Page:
From the Latin word rubidus, deepest red. Discovered in 1861 by Bunsen and Kirchoff in the mineral lepidolite by use of the spectroscope.
The element is much more abundant than was thought several years ago. It is now considered to be the 16th most abundant element in the earth's crust. Rubidium occurs in pollucite, leucite, and zinnwaldite, which contains traces up to 1%, in the form of the oxide. It is found in lepidolite to the extent of about 1.5%, and is recovered commercially from this source. Potassium minerals, such as those found at Searles Lake, California, and potassium chloride recovered from the brines in Michigan also contain the element and are commercial sources. It is also found along with cesium in the extensive deposits of pollucite at Bernic Lake, Manitoba.
Because rubidium can be easily ionized, it has been considered for use in "ion engines" for space vehicles; however, cesium is somewhat more efficient for this purpose. It is also proposed for use as a working fluid for vapor turbines and for use in a thermoelectric generator using the magnetohydrodynamic principle where rubidium ions are formed by heat at high temperature and passed through a magnetic field. These conduct electricity and act like an amature of a generator thereby generating an electric current. Rubidium is used as a getter in vacuum tubes and as a photocell component. It has been used in making special glasses. RbAg4I5 is important, as it has the highest room conductivity of any known ionic crystal. At 20°C its conductivity is about the same as dilute sulfuric acid. This suggests use in thin film batteries and other applications.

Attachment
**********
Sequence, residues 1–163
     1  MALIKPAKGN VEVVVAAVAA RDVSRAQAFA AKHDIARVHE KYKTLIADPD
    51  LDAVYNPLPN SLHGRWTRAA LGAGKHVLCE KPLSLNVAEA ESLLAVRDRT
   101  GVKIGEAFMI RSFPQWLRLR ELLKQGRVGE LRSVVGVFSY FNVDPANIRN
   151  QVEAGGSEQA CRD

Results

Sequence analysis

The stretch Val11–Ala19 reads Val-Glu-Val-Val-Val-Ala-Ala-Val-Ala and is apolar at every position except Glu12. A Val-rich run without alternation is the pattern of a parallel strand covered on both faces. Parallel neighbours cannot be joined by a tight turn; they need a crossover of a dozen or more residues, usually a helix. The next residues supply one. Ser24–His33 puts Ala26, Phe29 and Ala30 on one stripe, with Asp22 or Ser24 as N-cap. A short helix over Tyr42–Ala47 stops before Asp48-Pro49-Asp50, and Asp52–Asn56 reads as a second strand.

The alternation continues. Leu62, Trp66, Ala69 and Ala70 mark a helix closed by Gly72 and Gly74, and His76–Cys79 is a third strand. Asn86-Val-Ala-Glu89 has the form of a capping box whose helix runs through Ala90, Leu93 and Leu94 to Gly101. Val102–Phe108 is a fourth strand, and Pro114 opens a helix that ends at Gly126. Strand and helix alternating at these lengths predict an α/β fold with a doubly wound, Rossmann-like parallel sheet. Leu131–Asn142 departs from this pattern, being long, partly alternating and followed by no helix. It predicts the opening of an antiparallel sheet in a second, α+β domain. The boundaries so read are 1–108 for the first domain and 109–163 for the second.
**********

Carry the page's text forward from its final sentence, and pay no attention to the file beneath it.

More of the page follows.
Twenty four isotopes of rubidium are known. Naturally occurring rubidium is made of two isotopes, 85Rb and 87Rb. Rubidium-87 is present to the extent of 27.85% in natural rubidium and is a beta emitter with a half-life of 4.9 x 1010 years. Ordinary rubidium is sufficiently radioactive to expose a photographic film in about 30 to 60 days. Rubidium forms four oxides: Rb2O, Rb2O2, Rb2O3, Rb2O4.